A few days after freshman tackle Joshua Sales stepped onto Indiana’s campus earlier this year, he received an invitation to hang out with one of his new teammates.
Fellow tackle Matthew Bedford was eager to host Sales and get to know him. After all, they’d be spending quite a bit of time together over the coming months and years studying blocking assignments in the IU O-line room and working out together in the bowels of the North End Zone complex. But when they got together at Bedford’s place, the two Hoosiers didn’t merely pass the time with idle chit-chat. They talked ball and watched film — anything to get the newcomer Sales up to speed with his new team. Consider it the LEO mantra in action.
Sales recognizes the situation he’s stepping into this year in Bloomington. Bedford and Caleb Jones are returning starters at the tackle spots, which means it’s probable that the Brownsburg product won’t be needed for regular snaps inside IU’s offense just yet. But Sales isn’t taking anything for granted. Since arriving as a spring enrollee in January, Sales has worked to prepare himself as if he’ll be playing a major role on position coach Darren Hiller’s offensive line in the months to come.
“Coach Hiller, himself, let’s me know that it’s definitely a next-man-up mentality (at IU),” Sales recently told reporters. “So I definitely have to get myself ready to play on game day, regardless of what happens because football is a very unpredictable game.”
Sales’ teammates, too, seem willing to pull him along and get him where he needs to be. Bedford, for example, played in nine contests as a freshman, learning the Big Ten game through trial by fire. So he knows what the youngster is going through. Sales, meanwhile, appreciates the empathy from the rising junior.
In a lot of ways, Bedford has served as a role model for Sales early in his college career. During his first six months on campus, Sales has taken time to study film from Bedford’s first two seasons to learn about the transition to major college football and assess where he stands entering his first fall at the Power 5 level.
“I see the things he did his freshman year,” Sales said. “He was very physical. He wasn’t afraid to hit anybody. (I’m picking up on) small bits and pieces like that, just seeing what (my teammates) did to get themselves on the field and how I can apply that to myself.”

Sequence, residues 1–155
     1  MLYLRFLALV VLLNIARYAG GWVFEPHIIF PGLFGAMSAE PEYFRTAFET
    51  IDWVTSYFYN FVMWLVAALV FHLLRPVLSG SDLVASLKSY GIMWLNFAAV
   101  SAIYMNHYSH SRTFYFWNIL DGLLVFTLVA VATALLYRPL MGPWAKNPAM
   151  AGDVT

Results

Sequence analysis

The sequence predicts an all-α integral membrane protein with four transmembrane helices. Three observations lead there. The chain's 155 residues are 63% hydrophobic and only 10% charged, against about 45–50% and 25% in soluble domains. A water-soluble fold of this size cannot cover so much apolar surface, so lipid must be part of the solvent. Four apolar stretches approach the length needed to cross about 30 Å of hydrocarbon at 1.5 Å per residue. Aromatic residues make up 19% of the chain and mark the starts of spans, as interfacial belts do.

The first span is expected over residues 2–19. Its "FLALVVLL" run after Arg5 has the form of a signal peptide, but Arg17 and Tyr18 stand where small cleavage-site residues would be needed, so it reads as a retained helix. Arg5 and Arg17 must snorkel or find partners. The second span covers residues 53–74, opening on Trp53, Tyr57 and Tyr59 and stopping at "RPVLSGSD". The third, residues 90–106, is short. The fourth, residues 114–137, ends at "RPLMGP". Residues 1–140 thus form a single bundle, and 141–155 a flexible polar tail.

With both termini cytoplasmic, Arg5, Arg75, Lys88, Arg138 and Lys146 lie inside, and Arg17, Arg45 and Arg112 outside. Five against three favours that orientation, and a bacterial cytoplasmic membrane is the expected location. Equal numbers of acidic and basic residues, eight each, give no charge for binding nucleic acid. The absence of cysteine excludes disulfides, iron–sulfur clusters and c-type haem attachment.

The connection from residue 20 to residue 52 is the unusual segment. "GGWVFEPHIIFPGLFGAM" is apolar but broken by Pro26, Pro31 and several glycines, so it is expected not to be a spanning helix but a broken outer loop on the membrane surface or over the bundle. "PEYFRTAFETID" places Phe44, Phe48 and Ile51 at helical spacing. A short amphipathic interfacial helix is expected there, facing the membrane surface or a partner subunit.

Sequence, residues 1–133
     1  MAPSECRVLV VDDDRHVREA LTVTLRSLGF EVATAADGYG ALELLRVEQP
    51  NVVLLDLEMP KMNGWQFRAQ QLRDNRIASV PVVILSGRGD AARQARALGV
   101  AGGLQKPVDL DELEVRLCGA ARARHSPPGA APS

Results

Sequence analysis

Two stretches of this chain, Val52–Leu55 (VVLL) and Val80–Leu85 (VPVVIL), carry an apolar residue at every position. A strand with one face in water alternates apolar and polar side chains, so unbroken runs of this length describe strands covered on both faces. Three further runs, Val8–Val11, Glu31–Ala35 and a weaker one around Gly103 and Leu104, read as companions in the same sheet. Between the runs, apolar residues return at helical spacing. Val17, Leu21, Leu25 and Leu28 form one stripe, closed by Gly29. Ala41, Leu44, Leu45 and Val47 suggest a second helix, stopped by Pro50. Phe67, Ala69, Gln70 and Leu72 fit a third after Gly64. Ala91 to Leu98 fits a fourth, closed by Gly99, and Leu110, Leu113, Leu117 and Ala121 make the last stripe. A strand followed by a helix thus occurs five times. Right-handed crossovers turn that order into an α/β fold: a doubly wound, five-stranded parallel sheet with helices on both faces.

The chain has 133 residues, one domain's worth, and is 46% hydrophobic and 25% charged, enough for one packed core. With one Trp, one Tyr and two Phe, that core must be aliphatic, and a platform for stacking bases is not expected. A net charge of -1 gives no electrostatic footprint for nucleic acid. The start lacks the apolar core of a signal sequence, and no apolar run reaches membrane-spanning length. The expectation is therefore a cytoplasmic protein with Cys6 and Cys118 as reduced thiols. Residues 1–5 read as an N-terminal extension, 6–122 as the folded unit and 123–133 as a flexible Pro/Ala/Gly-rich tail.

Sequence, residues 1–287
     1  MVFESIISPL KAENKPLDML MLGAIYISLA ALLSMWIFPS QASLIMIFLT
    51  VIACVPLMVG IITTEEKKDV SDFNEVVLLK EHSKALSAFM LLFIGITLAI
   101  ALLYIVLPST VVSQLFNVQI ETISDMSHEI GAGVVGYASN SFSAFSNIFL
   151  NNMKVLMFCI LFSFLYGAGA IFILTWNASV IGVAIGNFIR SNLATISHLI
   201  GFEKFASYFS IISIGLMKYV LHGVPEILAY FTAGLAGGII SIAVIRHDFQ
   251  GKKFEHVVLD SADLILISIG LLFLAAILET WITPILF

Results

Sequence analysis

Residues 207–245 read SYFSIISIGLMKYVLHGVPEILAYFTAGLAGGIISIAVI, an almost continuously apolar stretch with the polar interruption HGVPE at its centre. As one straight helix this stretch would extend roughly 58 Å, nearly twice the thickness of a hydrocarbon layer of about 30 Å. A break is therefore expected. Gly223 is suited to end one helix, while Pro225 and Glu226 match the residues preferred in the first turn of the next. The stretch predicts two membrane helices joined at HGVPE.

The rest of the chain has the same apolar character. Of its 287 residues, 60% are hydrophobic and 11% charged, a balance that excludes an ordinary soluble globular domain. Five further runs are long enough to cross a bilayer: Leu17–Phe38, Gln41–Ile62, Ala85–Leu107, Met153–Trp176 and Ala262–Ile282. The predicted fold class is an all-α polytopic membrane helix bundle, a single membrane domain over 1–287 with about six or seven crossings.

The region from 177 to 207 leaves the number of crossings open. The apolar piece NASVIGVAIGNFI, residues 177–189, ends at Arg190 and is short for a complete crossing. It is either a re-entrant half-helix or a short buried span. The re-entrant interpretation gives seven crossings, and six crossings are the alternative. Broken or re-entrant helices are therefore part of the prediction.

Regardless of whether Sales sees meaningful snaps this season, IU has high hopes for the former three-star prospect that 247 Sports considered the fifth-best overall player in the state of Indiana last year. Sales was a priority recruit for IU coach Tom Allen and his staff, ultimately picking the Hoosiers over offers from Arizona State, Cincinnati, Michigan State, Maryland, Nebraska, Purdue, Rutgers and Missouri, among others. The 6-foot-6, 319-pound South Bend native did not allow a sack last season while posting 72 knockdowns across eight games en route to all-state honors.
Sales, like the rest of his teammates, was a very good high school player. But since arriving in Bloomington, he’s learned that his natural strength and raw skills alone won’t allow him to coast. Sales knows he has to work on his technique before he can become a reliable option up front for the Hoosiers. Acclimating to college football during spring practice was “rocky” at times, Sales says, but he’s glad he got the initial growing pains out of the way before fall camp starts later this summer.
“The most difficult part was just realizing that everybody’s good, to some extent,” Sales said. “There’s nobody that doesn’t have any skill. Everyone’s here for a reason. So stuff you could get away with in high school, you definitely can’t get away with at this level.”
But Sales appreciates the help he’s received from new friends like Bedford, Jones and Khalil Benson, each of them going out of their way to assist the new guy in his transition to a new level.
“They all took me under their wing,” Sales said. “... Those guys really helped me make the adjustment.”